[EDITORIALS]A challenge for RohPresident Roh Moo-hyun’s appointments to lead the National Intelligence Service are facing a serious challenge. After hearings on Ko Young-koo as director of the intelligence agency, the National Assembly’s intelligence committee yesterday, backed by both major political parties, recommended against Mr. Ko. Mr. Roh now must decide whether to respect the National Assembly’s opinion or ignore it and go ahead with Mr. Ko’s appointment. We believe that Mr. Roh should respect the National Assembly’s view in light of the purpose of appointment hearings.
The committee was alarmed by the fact that Mr. Ko is not an intelligence expert and was part of a movement to scrap the National Security Act. He displayed sharp ideological leanings in working for the release of the North Korean spy Kim Nak-jung in the early 1990s. The committee also took issue with the selection of a Sangji University professor, Suh Dong-man, also lacking experience in the field and with North Korean sympathies, to lead a task force on reform of the agency.
We support the committee’s judgment that in philosophy and experience the two men are not qualified to serve an intelligence agency that is, along with the military forces, the last fortress defending our freedom and democracy. There is no reason to give the job to a nonprofessional of questionable ideology at a time of utmost importance when cooperation with U.S. intelligence is essential as we face North Korea’s nuclear threat.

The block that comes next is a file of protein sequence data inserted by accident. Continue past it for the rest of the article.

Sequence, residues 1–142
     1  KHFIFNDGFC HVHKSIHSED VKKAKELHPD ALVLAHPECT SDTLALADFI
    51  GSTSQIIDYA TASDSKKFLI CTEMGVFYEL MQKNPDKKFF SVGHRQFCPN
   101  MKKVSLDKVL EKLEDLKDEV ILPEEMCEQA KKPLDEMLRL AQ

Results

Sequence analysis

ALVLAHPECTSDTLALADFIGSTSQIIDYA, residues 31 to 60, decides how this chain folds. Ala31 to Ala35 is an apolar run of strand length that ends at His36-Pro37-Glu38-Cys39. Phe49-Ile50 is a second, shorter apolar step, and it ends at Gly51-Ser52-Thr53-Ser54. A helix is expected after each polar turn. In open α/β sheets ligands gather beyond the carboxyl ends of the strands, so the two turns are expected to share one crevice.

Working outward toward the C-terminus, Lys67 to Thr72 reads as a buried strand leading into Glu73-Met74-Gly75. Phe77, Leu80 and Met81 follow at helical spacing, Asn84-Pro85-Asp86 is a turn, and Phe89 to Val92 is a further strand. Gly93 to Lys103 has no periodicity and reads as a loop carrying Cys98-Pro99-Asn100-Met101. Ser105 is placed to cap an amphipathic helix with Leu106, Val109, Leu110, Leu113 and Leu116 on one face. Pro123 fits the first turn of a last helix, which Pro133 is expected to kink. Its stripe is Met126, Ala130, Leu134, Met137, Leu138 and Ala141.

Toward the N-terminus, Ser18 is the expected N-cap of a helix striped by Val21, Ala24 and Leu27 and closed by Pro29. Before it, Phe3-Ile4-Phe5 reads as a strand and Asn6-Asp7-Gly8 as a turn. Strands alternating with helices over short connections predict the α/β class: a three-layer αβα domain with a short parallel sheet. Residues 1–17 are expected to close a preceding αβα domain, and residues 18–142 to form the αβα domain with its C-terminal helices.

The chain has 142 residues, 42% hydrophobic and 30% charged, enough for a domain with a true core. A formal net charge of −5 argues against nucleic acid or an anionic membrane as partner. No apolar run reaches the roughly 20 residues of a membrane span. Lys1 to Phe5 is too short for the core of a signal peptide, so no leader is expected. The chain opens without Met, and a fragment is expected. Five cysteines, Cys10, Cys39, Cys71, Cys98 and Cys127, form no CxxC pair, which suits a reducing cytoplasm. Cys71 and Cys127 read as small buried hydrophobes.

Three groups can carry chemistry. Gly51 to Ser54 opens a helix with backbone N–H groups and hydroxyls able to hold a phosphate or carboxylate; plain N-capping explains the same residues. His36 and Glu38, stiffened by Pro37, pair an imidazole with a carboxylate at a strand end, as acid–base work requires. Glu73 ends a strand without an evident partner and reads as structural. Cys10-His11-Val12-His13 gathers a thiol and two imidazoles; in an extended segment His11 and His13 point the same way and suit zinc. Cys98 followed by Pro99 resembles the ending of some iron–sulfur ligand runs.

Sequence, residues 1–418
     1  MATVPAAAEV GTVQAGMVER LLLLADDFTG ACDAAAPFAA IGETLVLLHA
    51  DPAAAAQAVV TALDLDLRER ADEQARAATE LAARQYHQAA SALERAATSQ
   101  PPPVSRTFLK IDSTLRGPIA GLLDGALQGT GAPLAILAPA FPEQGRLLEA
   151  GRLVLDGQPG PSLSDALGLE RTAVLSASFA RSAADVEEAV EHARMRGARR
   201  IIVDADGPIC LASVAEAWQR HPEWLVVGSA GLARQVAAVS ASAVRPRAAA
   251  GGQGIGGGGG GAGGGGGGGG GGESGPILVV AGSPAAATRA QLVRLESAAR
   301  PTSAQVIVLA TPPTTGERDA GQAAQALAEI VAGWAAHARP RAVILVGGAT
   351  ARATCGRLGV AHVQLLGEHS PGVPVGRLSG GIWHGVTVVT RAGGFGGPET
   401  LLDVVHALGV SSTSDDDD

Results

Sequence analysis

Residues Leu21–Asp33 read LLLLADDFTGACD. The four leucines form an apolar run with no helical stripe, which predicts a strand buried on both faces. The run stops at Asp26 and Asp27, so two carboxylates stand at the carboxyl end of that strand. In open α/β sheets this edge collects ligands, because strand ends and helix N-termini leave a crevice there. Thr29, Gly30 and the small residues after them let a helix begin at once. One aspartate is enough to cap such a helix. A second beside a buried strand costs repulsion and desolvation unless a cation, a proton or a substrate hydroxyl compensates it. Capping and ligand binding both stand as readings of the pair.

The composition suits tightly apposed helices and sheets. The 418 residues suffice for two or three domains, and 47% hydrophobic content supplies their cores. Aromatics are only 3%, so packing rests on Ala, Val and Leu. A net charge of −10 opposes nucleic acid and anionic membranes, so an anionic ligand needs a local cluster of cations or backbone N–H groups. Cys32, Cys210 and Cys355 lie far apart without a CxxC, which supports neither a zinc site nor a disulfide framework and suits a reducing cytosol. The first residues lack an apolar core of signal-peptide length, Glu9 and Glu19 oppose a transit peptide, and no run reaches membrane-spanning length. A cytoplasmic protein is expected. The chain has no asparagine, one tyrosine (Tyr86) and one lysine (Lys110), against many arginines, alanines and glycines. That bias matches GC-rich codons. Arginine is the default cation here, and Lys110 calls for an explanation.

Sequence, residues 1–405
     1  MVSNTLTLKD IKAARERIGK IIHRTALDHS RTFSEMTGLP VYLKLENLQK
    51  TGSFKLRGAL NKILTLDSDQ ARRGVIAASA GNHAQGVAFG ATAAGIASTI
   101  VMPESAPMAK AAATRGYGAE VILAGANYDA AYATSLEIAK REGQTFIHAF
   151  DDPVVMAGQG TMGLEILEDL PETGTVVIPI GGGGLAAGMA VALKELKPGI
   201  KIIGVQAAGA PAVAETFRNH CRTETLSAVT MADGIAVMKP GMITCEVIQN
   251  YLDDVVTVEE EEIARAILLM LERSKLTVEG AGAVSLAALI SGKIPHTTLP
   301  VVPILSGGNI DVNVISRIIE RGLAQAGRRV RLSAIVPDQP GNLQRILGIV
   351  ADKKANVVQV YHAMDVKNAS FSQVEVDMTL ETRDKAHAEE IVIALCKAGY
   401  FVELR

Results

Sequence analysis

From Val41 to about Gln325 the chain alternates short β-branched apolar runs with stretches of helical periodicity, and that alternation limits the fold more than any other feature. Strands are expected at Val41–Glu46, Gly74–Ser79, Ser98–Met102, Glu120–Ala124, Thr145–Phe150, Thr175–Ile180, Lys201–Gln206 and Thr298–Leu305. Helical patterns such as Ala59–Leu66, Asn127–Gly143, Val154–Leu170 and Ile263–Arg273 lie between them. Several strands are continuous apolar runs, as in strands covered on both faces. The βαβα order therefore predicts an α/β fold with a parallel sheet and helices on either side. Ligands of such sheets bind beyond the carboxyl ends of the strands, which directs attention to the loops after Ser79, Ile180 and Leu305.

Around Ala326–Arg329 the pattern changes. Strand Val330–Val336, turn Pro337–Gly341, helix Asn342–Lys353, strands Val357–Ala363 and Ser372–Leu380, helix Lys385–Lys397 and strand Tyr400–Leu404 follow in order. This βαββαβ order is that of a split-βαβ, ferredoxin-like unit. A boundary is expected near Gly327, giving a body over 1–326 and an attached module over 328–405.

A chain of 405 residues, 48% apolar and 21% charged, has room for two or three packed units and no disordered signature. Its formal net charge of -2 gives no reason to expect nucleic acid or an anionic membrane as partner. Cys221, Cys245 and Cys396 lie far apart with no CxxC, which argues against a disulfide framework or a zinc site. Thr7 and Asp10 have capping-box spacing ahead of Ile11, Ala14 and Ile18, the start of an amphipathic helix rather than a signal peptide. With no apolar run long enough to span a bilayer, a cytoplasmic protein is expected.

The agency’s leadership must be filled with people the public can trust, so that it may be put back in order and allowed to focus on securing the national interest. Mr. Ko and Mr. Suh are better suited for other responsibilities. The fact that their nominations are creating concern is incompatible with Mr. Roh’s policy of putting the best hand in the right place.
The committee’s opinion is not legally binding. But politics is. Rather than take the recommendation as a challenge to his authority and integrity, Mr. Roh should respect it in the greater picture of national security. That is the way to help the National Intelligence Service, and it will go a long way toward a good working relationship with the National Assembly.
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